Chasing History’s Mysteries This summer, Allison Jue '20 dove into the books to learn more about the relationship between Queen Elizabeth I and the second Earl of Essex.
“I still intend to major in music and pursue pre-med, but this experience has reminded me how much I enjoy literature and writing, and it encouraged me to continue cultivating these pastimes in my experience here at W&L, even if I can’t fit it in as a major.”
— Allison Jue ’20
Hometown: Gilbert, Arizona
Q: What are you doing for the summer?
This summer I am working with Professor Dobin in the English Department for eight weeks. I am contributing to his project on the second Earl of Essex, Robert Devereux. Essex had a very tumultuous relationship with Queen Elizabeth I at the end of her reign, which ended with his execution after he led a rebellion through the city of London. The project is a literary collection of more than 500 works that have been created on Essex, including poetry, fiction, biographies, YouTube videos and more. Each item has an entry on a timeline containing analysis on how the relationship between Elizabeth and Essex is portrayed, whether the author has a gender bias, and how historically accurate the work is. I’ve been able to focus on what interested me, which ended up being biographies on Elizabeth and children’s histories.
Q: Where is your work taking place and what do you like best about that location?
I am staying on campus. My work is flexible, though, so I can work wherever I want. I just bring my computer and the book I am currently reading, and can pick the spot on (or off) campus where I want to work that day. Some of the places I have worked include the library, the Center for Global Learning, and Pronto coffee shop. The best thing about having a variable work location was being able to work outside and enjoy the summer weather!
Q: What does an average day for you look like?
On an average day, I will pack my backpack with my laptop and a couple of books I am analyzing and walk to campus to work in whatever location suits me that day. I’ll spend my day either reading and taking notes, or reviewing my notes and writing up my analysis on the book and its portrayal of the Essex story.
Q: What was the most interesting thing you have learned while working on this project?
The most interesting thing I have learned while working on this project is how much variation exists in the perception of Elizabeth I’s personality in the biographies written about her. I knew that no biography was entirely impartial (that would make for an extremely dull read), but I didn’t realize how many different versions of Elizabeth could be produced by the facts and personal accounts surrounding her life. Especially interesting is how many distinct adaptations there are on the potential impact of Elizabeth’s age and vanity on her decision-making during the end of her reign.
Q: What was the biggest challenge you faced?
The biggest challenge I faced was sorting through a biography written in 1791 by Charles Ashburton, which I read via a digital copy online. The challenging part about this read was that it written in the style of old English texts, where the s’s are written in a long fashion and look a lot like f’s. Consequently, Essex looked like Effex, and I had to consistently remind myself as I read that f’s were s’s (most of the time) and had to occasionally stop and decipher some words.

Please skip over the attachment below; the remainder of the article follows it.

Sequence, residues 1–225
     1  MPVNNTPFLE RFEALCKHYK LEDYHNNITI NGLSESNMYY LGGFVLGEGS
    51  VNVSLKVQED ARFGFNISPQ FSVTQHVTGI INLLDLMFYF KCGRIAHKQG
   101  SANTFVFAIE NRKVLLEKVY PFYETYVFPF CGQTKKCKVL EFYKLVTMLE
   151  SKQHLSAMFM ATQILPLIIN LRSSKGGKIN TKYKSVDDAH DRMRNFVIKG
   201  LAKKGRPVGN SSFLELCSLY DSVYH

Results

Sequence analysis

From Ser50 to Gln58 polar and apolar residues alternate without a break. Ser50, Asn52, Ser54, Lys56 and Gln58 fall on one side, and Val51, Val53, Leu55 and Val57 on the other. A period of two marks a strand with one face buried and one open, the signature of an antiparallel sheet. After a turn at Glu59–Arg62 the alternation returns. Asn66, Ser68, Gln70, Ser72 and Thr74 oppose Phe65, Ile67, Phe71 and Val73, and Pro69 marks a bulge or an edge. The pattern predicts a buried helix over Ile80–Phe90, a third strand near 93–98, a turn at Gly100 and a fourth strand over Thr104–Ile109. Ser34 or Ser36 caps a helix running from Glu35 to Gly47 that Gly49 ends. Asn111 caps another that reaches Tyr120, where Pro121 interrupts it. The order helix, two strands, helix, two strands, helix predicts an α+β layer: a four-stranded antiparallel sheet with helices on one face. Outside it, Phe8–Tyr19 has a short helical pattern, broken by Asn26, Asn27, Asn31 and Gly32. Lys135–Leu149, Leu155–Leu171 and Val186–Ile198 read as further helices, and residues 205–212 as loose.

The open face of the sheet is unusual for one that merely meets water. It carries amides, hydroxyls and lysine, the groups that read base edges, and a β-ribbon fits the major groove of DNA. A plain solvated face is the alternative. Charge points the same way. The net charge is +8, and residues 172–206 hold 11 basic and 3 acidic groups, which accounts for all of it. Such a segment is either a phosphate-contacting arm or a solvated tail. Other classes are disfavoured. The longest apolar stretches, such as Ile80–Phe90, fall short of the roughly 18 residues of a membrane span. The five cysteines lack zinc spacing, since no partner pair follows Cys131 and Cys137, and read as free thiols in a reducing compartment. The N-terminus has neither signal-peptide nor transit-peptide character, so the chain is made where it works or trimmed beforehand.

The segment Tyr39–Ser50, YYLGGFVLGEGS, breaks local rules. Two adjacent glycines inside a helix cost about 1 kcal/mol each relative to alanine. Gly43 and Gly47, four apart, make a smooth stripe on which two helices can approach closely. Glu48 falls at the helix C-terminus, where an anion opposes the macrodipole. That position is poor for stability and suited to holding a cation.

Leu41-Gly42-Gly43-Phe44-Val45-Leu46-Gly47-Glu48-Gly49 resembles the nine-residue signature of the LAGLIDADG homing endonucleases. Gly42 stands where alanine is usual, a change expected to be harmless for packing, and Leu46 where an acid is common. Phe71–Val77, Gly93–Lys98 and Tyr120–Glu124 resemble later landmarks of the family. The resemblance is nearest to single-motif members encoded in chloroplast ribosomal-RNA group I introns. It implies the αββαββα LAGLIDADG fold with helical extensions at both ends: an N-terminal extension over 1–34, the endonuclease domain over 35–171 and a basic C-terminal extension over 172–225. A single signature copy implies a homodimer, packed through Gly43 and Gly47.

Q: Have you had any mentors during this time?
Yes, my mentor has been Professor Dobin. I took his Shakespeare class in the fall, which helped me to develop my writing and analysis skills at the collegiate level, and piqued my interest in the Elizabethan Era of English history. This class was where Professor Dobin first told me about the project, and I was immediately intrigued! He has also been a great mentor throughout the summer, helping me to find books that fit my interests and giving me ways to improve the articulation of my ideas in writing.
Q: Has this experience impacted your studies or future plans in any way?
Definitely. I still intend to major in music and pursue pre-med, but this experience has reminded me how much I enjoy literature and writing, and it encouraged me to continue cultivating these pastimes in my experience here at W&L, even if I can’t fit it in as a major. I hope to participate in another English-related program next summer and make sure that literature remains a component of my academic experience as an undergrad.
Q: How did W&L prepare you for this experience?
W&L creates an academic community that is tightly knit and welcoming but also has lofty expectations for its students. I have been able to make connections with faculty and students during my freshman year that would not have been available to me at a larger institution. The high standards and independence I experienced in my classes have helped me to develop a discipline and work ethic that have been crucial this summer.
Q: Why is this kind of experience important to W&L students?
It enables them to explore interests that comply with and go beyond their majors. It allows students to use the skills and information they have learned in their classes and apply them to real world projects. W&L students are able to take on a lot more responsibility for research projects than is offered at many other undergraduate universities.
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